“Autumn in New York,” written by Vernon Duke; performed by Ella Fitzgerald and Louis Armstrong (1957): This jazz standard is a love song to a city―a city that has escaped the beastly heat of a New York summer and can now display its full splendor. Even the rougher parts of town shine with the change of seasons: “This autumn in New York/transforms the slums into Mayfair.” There are "shimmering clouds" and "gleaming rooftops at sundown."
The simple arrangement—just a piano—highlights the vocals from two legends. It's Ella Fitzgerald's silky smooth delivery contrasting with Louis Armstrong's growl. This song has the ability to transport you to a crisp autumn afternoon in Central Park where the leaves are ablaze.
“The Autumn Leaves," written by Joseph Kosma, Jacques Prévert, and Johnny Mercer; performed by Nat King Cole (1955): Left Bank intellectual Jacques Prévert wrote the original French lyrics and Johnny Mercer wrote the English lyrics for this mournful, minor-key melody. Mercer didn't simply translate Prévert's words, but employed the same image of dead leaves to evoke a love that has passed: "The falling leaves/drift by the window/The autumn leaves/of red and gold."
The original song, “Les Feuilles Mortes," was a dark and rambling lament, but Mercer's version, with its spiraling 16-bar refrain, was more bittersweet than bitter. It was a perfect fit for Cole's soft baritone, and it climbed to the top of the charts. The narrator's addressing a lover who's left him. The autumn always triggers his melancholy over the loss. You can hear the pain in Cole's voice when he sings, "But I miss you most of all my darling/when autumn leaves start to fall."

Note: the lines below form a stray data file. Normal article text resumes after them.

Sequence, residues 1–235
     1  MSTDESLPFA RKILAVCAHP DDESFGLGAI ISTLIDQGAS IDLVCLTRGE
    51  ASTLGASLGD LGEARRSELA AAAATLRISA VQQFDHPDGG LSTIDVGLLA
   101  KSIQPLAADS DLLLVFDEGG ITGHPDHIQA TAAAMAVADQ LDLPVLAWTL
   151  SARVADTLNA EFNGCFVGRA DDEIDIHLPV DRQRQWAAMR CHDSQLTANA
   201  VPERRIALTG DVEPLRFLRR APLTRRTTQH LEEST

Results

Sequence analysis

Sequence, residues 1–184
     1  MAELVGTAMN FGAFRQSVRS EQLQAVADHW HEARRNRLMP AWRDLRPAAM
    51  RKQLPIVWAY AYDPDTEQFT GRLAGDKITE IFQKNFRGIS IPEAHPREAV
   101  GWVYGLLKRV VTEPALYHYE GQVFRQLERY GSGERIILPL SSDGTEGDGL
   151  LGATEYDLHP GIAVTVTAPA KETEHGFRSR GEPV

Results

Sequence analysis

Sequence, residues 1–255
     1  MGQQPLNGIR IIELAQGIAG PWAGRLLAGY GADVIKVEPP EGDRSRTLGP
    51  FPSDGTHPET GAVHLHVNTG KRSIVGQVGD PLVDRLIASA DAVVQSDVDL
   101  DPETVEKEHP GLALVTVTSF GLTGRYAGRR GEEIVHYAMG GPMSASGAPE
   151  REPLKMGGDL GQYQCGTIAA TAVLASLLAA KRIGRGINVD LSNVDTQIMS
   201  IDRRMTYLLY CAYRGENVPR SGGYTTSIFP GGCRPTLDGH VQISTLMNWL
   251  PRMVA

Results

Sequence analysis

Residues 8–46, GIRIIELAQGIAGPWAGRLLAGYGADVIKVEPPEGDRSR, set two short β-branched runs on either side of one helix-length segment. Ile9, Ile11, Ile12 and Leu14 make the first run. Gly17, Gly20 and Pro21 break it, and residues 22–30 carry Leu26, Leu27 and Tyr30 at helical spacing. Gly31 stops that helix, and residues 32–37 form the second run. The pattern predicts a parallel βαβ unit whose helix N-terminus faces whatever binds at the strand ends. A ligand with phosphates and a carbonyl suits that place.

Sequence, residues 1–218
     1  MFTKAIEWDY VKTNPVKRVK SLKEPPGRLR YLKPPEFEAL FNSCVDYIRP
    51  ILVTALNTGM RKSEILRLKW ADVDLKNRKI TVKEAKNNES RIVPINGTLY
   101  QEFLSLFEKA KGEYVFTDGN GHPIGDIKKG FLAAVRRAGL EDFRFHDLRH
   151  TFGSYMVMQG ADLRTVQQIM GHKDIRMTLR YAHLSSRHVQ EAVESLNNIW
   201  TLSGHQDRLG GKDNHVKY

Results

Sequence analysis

"Chill of an Early Fall," written by Daniel Green and Gretchen Peters; performed by George Strait (1991): Once again, the fall season is used as a metaphor for sadness. The narrator’s a man who suspects that his lover is cheating on him with someone she calls her "old friend." He feels "the chill of an early fall" coming on when this man stops by to visit her: "Here it comes again/that same old chilly wind will blow like a cold winter squall." Not knowing whether he's just a friend has him tied up in knots, so he does what a man in a country song does in that situation—he hits the bottle: "And I'll begin to feel the chill of an early fall/and I'll be drinking again and thinking whenever he calls."
"Autumn Serenade," written by Peter DeRose and Sammy Gallop; performed by Johnny Hartman and John Coltrane (1963): "Autumn Serenade" is the final track on Hartman and Coltrane's brilliant album of ballads, John Coltrane and Johnny Hartman. Vocalist Hartman said the song, which also features McCoy Tyner on piano and Elvin Jones on drums, was done in one take. This is familiar autumn-song material, with a love that burned bright until October, but this collaboration takes it to the next level. Hartman's gorgeous voice was made to song love songs. Add Coltrane's accompaniment on saxophone and this one's a necessary addition to your fall playlist.